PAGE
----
Axios thinks so.
Axios Attributes Low Chinese Coronavirus Levels to Vaccines
Cases of the Chinese coronavirus are at their lowest levels since March 2020, the beginning of the pandemic, which Axios attributes to the nation’s mass vaccination effort.
Axios also claimed the U.S. “largely failed to contain the virus until the vaccines arrived.” However, Florida, for example, reopened its state months earlier than blue states, before vaccines were readily available, yet it continued to consistently report fewer new cases of the virus per capita than states such as the most pro-lockdown, pro-mask states such as New York.
I won’t speak of the whole country, because the public data is crap (Johns-Hopkins lumps positive antibody tests, non-specific rapid antigen tests, Ct>40 PCR tests, and non-testing “diagnosis” together, then confuses day the test report was received for date of onset). But Georgia reports far better quality data.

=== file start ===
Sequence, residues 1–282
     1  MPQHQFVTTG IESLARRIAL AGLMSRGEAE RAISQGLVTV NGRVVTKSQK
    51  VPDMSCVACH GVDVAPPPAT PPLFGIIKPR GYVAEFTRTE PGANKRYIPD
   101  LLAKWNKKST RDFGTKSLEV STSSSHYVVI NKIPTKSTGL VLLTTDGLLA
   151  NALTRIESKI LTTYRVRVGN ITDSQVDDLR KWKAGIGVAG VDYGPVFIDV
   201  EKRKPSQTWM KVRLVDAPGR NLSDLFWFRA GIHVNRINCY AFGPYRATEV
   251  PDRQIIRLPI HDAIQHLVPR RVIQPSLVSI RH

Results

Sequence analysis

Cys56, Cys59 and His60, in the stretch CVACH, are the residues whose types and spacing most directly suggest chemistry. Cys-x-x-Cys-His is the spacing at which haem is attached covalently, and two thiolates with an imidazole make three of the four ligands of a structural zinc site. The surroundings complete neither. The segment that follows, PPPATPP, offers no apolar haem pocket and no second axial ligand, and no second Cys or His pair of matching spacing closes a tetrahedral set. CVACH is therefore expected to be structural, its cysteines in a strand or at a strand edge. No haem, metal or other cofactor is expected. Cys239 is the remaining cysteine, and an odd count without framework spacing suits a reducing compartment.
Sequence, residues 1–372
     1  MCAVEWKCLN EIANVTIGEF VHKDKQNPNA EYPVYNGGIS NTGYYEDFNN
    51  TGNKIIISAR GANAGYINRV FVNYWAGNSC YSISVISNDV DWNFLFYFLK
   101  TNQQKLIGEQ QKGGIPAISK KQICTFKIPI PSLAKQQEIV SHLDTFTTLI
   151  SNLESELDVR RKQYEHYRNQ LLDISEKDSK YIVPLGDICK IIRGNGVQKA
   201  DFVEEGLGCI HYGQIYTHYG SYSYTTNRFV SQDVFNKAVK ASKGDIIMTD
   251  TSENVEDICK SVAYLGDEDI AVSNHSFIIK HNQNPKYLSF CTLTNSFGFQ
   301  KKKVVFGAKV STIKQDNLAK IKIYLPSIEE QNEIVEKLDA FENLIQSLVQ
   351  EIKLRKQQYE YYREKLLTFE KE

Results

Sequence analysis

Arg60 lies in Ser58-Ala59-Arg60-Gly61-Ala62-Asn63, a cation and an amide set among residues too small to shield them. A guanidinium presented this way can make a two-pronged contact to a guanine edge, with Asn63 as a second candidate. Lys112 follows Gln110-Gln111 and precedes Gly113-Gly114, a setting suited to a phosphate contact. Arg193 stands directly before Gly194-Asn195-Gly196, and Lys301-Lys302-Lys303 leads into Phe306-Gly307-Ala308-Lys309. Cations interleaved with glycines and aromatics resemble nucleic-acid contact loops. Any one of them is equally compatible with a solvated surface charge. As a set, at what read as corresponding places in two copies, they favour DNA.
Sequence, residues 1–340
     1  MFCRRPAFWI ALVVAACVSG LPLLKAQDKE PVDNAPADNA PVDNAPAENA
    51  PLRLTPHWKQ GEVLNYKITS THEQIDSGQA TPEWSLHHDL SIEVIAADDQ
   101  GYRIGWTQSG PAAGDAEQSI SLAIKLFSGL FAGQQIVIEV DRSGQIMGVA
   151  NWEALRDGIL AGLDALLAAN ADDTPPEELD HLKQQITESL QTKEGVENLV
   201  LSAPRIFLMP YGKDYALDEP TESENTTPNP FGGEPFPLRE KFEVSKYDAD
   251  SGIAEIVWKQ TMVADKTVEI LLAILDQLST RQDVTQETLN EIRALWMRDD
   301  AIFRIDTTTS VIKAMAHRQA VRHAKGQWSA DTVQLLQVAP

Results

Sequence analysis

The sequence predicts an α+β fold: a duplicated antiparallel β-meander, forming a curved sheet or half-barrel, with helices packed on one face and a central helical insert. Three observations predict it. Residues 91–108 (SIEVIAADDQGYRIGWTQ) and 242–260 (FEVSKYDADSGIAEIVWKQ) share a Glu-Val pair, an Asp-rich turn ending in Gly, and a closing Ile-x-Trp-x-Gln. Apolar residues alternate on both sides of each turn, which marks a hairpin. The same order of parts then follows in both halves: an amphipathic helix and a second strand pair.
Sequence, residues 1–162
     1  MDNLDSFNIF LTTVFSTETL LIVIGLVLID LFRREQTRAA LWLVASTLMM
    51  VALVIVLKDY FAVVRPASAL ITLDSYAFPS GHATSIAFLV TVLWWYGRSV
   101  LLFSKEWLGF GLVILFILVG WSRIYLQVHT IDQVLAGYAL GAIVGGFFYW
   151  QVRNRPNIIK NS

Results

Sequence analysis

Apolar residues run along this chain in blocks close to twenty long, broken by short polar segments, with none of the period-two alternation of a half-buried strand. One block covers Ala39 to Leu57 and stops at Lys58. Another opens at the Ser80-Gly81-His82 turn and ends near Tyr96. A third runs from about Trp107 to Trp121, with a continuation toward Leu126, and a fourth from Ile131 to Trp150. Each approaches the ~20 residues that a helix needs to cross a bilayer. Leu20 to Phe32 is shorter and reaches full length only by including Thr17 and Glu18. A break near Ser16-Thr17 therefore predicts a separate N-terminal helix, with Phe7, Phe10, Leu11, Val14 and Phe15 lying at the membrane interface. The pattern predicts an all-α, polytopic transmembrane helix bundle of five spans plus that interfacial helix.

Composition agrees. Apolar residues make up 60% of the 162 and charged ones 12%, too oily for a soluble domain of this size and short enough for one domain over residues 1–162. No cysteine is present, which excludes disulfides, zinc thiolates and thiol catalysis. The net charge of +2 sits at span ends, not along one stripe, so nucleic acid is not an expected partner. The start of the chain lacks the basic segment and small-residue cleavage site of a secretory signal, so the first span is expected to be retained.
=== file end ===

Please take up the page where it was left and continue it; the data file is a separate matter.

Here is new cases per day, by symptom onset or date of test.
Note that Georgia peaked on January 4, 2021, and has been droping like a rock ever since. Is mass “vaccination” responsible?
No. Georgia began rolling out the first “vax” — Pfizer — mid-December, 2021, but it was restricted to medical personnel. It wasn’t available to the general public — and then only limited high-risk people — until mid-January when new cases were already in freefall.
“Vaccinations” slowly ramped up and finally peaked on March 25, nearly three months into the new cases powerdive. “Vaccinations” tapered off after that, as new cases continued to drop like a flamed-out F-4. In fact, in my public health district, they began closing the mass-vax sites… because no one was coming in to get jabbed.
Unless you posit that that nearly all Georgia ChinCOVID cases are attributable to superspreader medical personnel, “vaccinations” were not responsible for the case drop.
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